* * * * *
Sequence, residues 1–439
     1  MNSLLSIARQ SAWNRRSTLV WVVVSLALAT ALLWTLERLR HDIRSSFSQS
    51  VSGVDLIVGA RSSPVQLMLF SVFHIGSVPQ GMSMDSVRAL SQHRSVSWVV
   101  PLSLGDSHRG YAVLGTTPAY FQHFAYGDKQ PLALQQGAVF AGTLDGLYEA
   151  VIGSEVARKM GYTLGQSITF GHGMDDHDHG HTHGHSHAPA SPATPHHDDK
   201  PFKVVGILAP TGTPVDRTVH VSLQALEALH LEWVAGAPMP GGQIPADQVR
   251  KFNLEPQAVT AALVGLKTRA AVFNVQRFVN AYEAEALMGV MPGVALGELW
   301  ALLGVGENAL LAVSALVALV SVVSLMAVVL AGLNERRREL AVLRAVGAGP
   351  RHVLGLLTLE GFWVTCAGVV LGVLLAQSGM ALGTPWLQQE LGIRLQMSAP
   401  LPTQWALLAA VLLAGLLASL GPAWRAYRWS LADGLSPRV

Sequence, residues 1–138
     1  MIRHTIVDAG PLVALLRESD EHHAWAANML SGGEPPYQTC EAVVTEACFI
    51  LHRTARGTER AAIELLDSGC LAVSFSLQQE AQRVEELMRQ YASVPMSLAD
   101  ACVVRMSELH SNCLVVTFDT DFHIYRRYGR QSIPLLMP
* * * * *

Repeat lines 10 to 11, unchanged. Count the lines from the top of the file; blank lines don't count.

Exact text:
   401  LPTQWALLAA VLLAGLLASL GPAWRAYRWS LADGLSPRV

Sequence, residues 1–138